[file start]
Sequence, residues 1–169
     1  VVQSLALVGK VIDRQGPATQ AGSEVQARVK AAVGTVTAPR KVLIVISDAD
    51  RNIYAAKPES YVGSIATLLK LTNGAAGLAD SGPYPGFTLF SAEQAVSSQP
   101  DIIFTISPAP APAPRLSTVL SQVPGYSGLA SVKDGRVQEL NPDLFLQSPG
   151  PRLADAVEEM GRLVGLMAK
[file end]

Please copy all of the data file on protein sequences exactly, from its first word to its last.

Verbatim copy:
Sequence, residues 1–169
     1  VVQSLALVGK VIDRQGPATQ AGSEVQARVK AAVGTVTAPR KVLIVISDAD
    51  RNIYAAKPES YVGSIATLLK LTNGAAGLAD SGPYPGFTLF SAEQAVSSQP
   101  DIIFTISPAP APAPRLSTVL SQVPGYSGLA SVKDGRVQEL NPDLFLQSPG
   151  PRLADAVEEM GRLVGLMAK